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 Texas : Features : Columns : "The Girl Detective's Theory of Everything"

MOB vs. MOG

by Elizabeth Bussey Sowdal
Elizabeth Bussey Sowdal

This is my first go around as Mother of the Bride and itís been fine so far. Weíve got the gown, got the favors, lined up the photographer, talked to the wedding coordinator at the church. Yesterday we lucked onto just what we were needing for reception hall decorations AND we found the perfect, crazy, gorgeous pair of bridal shoes. Gone are the days when a bride was restricted to white satin and seed pearls. The thing now, so I hear, is for the bride to express her quirky side through her shoe selection. Cinderella herself could not top the shoes Bride chose yesterday. Gorgeous!

The wedding angels are watching over us, because we keep finding just what we need on sale and readily available. Things are going exceptionally well, I think, for now. Although we both lapsed into some craziness yesterday when we found a store with a huge array of really beautiful fake birds. I donít know what came over us but we began to feed off each otherís enthusiasm ("Look at this one, and this one and, oh my goodness, isnít this the cutest fake bird you ever saw?") and we soon had a cart filled with birds in every shape, size and color. We began to wander the rest of the store aimlessly in a kind of daze. The reception hall was in danger of become one huge technicolor aviary when Father of the Bride happened to call. The sound of his voice was like a tether to the world of better-than-fake-birds-decorating-sense. "Mike," I asked, "do you think fake birds would be pretty for the reception hall?"

He laughed. Not very hard and not for very long, but just enough to wake me from whatever world of birdie madness I had slipped into. He obviously thought I was joking. Iíve said ridiculous things before in all seriousness, and then played it off as a joke and thatís what I did then. When I got off the phone I looked at Bride over the shopping cart brimming with Love Doves, Bluebirds of Happiness, and Purple Passion Ptarmigans. She looked into the cart, put her hands to her cheeks and asked, "What the heck were we thinking?"

It was a close call, but we came to our senses and abandoned the birds. I am sure there will be other lapses in judgement, but hopefully we will catch each other before things get out of hand.

Itís just that there are so many details to think of and plan for and provide. When they call it the "wedding industry" they are absolutely right! Itís big business. Just thinking about how many other people are involved makes me feel a little dizzy. Bakers and florists and hair-fixers and make-up daubers and seamstresses and underwear experts and travel agents and caterers and cantors and organists and oh my goodness! It is very nearly overwhelming. Though I refuse to give into the urge to just throw my hands up and call it done. Everything will be fine. I can tough it out. Father of the Groom is fond of asking, when faced with a big undertaking, "How do you eat an elephant? One bite at a time." And this wedding, though modest by some standards, feels like an elephant to me.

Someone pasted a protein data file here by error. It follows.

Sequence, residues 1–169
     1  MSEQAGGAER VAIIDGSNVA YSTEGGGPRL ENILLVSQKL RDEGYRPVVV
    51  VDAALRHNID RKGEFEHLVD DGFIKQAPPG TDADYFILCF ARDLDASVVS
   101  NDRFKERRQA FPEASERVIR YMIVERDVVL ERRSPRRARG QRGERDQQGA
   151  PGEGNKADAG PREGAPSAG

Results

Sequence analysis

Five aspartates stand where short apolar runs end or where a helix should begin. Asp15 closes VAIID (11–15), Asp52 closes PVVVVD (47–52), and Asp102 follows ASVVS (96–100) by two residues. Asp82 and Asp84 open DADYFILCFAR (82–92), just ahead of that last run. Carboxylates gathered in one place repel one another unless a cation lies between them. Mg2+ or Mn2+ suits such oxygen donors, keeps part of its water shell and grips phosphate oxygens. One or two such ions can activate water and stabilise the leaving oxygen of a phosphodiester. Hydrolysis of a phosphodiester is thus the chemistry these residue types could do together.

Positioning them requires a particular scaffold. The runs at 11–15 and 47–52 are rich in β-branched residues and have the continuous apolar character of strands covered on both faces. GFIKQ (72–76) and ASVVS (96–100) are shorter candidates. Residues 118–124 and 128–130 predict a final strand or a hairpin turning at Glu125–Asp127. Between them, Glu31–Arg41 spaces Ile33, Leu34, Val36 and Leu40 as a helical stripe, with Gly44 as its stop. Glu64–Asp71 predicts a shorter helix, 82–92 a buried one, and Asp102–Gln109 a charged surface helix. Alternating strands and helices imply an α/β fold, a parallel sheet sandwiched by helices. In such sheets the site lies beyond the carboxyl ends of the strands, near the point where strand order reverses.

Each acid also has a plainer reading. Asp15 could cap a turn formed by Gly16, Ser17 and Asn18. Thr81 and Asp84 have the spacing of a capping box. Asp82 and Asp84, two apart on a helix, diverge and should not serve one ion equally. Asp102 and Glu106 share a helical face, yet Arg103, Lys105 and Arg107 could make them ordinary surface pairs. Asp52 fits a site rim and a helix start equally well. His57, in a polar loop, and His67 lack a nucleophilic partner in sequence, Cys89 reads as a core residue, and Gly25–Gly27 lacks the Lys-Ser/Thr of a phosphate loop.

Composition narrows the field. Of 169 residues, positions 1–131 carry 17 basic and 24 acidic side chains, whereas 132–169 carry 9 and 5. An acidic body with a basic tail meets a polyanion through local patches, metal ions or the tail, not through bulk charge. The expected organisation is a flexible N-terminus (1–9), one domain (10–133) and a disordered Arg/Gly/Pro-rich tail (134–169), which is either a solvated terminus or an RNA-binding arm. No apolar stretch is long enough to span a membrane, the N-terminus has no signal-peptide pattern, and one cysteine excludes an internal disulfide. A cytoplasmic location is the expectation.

I was making appointments the other day when it occurred to me to wonder what does the Mother of the Groom do? Is she sitting at home in the afternoons, while Bride and I spend hours debating the merits of shiny tulle versus, er, not shiny tulle, her freshly pedicured feet up and a good book in her lap, listening to Vivaldi and nibbling on Bridge Mix? Does she even know what agonies of decision making we are going through? Would she laugh if she knew? When the wedding is over will she call her sister-in-law and ask, "What were they thinking? I canít even imagine! It looked like they just slapped it all together! Itís not like they didnít have an entire year to get ready."

I sigh. I sigh and for what feels like the ten thousandth time, open the phone book. Some day I will be the MOG instead of the MOB. All I will have to worry about is my own gown and what depredations of decorating the MOB and Bride are conspiring for the reception hall. I can only hope that my sons choose their future wives well and wisely. I can only hope they choose brides with organized, detail oriented mothers. I can only hope, hope against hope, that my sons have the good sense to fall in love with girls who are kind and good and true. And, above and beyond everything else, girls who like a good "Chicken Polka." Yes. I am still on about that.

© Elizabeth Bussey Sowdal
"The Girl Detective's Theory of Everything"
September 24, 2009 Column

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